I’ve attempted NaNoWriMo twice.
The first time was in 2009 and I was in the midst of finals and papers and trying to work a part-time job all at the same time. I made it two days.
The second time was last month. I’m done with school and I knew now was the best time to do it. This year, I made it farther. The first day I wrote 2,000 words but on day two, I decided I wasn’t feeling the story so I switched it. This caused me to fall behind and I never fully caught up. I stopped after ten days.
Two attempts. Two failures, if you want to look at it that way. But I’m choosing to look at NaNoWriMo 2011 as a learning experience. I learned a lot about my writing style, the environment I need to be in to write, and what it will take for me to finish a novel.
Lessons Learned While Attempting NaNoWriMo 2011
1. I have to write fiction daily. Even if it’s just for 10 minutes, writing daily is key. And not just writing anything. I could check-mark my blog posts as my writing for the day but that’s cheating. As much as I love writing for my blog, I also need to hone my fiction writing. I need to set time aside – be it in the early morning or late at night – to give my 100% focus to my story. One thing about NaNoWriMo is that you have to write an average of 1,667 words a day to meet the goal. This means writing every single day or having to catch up on days you miss. It gets you in the habit of writing daily. I’ve fallen a little off the writing every day wagon, but I’ve been doing better the past few days and excited about writing again.
2. I love character-driven romances. I spent most of October shuffling through my memory bank of story ideas, switching through mysteries and YA lit and chick-lit. Through romances and historical novels. To be quite honest and blunt, I don’t much care about writing the next best-seller. Would it be lovely for my novels to have the kind of staying power as the Harry Potter series? Yes, definitely. But I’m not certain that’s my path to take. I find my place in character-driven romances, about people who lead small lives and where love is the centerpiece. I’m not talking about creating fluffy main characters who think they need a man to be happy. Not one bit. That’s not how I live my own life so there’s no way I could write about that. Instead, I want to write about women finding their own path in life, finding their own happiness, and who open their heart and minds to love and romance. That’s the kind of book I want to write.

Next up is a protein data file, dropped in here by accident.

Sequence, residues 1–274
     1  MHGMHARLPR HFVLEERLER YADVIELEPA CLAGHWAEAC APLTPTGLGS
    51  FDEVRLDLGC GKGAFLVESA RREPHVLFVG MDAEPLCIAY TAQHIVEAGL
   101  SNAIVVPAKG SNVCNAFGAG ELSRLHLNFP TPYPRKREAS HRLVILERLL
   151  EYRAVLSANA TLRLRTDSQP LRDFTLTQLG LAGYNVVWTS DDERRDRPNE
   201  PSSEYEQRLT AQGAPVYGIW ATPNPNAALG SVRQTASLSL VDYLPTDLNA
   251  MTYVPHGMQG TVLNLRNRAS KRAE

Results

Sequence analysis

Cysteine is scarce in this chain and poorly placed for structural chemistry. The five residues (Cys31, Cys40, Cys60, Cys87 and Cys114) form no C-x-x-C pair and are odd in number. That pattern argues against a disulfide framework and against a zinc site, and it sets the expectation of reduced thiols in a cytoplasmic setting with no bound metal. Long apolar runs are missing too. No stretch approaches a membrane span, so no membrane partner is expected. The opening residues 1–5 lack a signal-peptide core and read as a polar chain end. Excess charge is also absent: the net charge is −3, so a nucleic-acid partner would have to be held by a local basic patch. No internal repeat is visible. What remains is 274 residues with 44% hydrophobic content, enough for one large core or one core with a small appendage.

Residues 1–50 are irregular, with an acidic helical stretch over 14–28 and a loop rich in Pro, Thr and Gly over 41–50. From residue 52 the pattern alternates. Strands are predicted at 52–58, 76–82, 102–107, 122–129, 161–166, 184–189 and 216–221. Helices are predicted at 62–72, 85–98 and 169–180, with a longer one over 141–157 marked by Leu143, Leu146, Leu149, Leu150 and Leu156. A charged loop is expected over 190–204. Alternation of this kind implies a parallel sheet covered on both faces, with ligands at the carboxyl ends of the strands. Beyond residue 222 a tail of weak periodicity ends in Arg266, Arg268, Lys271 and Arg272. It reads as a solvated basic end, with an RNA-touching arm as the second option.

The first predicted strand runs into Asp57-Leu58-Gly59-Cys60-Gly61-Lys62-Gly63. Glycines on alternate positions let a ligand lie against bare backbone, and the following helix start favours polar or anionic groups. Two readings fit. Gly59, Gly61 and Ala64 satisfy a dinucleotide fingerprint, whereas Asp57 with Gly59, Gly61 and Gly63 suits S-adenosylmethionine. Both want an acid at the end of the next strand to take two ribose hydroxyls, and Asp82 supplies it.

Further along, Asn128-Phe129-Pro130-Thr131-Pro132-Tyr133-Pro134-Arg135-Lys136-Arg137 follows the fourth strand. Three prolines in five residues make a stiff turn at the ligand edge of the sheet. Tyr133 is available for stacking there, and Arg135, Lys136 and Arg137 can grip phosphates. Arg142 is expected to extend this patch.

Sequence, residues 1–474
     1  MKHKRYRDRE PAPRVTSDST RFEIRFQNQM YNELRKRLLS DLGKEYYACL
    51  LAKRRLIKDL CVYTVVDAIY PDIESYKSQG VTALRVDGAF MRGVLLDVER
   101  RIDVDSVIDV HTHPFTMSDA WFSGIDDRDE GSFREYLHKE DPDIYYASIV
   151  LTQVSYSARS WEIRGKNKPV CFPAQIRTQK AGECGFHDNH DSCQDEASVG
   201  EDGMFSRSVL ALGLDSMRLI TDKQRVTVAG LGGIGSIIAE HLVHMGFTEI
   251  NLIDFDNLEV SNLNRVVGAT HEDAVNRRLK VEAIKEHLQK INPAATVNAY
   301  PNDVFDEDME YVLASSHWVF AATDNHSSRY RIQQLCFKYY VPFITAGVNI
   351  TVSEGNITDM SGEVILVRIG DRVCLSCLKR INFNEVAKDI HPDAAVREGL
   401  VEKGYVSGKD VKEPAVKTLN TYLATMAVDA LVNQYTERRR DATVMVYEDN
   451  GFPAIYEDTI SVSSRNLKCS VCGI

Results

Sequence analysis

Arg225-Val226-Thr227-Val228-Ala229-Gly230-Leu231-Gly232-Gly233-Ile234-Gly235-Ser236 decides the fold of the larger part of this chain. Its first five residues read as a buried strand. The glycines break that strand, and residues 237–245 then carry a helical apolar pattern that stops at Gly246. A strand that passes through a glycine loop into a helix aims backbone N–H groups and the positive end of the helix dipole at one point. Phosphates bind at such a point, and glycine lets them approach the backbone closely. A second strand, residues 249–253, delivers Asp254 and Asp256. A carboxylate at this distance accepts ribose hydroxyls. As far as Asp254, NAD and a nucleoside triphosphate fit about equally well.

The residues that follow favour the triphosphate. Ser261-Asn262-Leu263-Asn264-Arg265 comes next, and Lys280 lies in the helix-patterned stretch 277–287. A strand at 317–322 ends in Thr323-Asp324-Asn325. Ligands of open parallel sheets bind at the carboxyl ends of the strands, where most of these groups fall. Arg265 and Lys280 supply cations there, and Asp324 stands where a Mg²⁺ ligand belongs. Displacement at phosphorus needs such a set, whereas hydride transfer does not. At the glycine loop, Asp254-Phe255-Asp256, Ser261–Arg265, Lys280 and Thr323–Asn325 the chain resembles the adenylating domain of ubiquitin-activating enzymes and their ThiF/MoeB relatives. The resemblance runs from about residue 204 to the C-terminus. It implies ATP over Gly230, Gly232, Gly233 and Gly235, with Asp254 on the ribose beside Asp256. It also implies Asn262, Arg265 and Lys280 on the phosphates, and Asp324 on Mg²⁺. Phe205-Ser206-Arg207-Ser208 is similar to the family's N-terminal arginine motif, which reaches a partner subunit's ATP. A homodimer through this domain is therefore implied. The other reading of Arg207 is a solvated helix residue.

3. I need a silent, organized workspace in order to write. This wasn’t a big revelation for me, as I preferred silence when studying when I was in college. For the most part, I prefer it more often than not. Sometimes, I like to have the TV on when I clean, but I generally prefer a quiet home when I’m trying to keep my focus. My attention strays too much to the television or the lyrics of the song if I have music on than on what I need to be doing at that moment. Along with silence, comes a clean space. I think most people work better without clutter and it really gives me a fresh, open mind when my environment is organized and neat.
4. Don’t worry so much about quality. Worry more about getting the words down. NaNoWriMo is about quantity, not quality. It’s about the process of writing and not worrying so much about how perfect it is. I want to bring that process into my writing now because I can get bogged down on making sure dialogue flows right or a scene sounds perfect that I miss out on the actual writing of my novel. I want to focus more on putting words down on paper and less on perfection. The editing process is there to smooth out any kinks and delete scenes that don’t work right but I think, for now, I just need to write for quantity.
5. I have a desire and passion for writing. I know the road to being a published author is long and arduous. And it may not ever lead to a place where I can fully sustain myself on my writing. But there’s this thing about having a passion: you will do whatever it takes to fulfill that passion. You will lose sleep, food, and money to chase after your dream. And those people who think you are crazy and insane? They don’t know the sweet fulfillment that comes from being in the midst of chasing – or realizing – their passions.
Did you participate in NaNoWriMo this year? If so, did you finish? What is your biggest passion in life?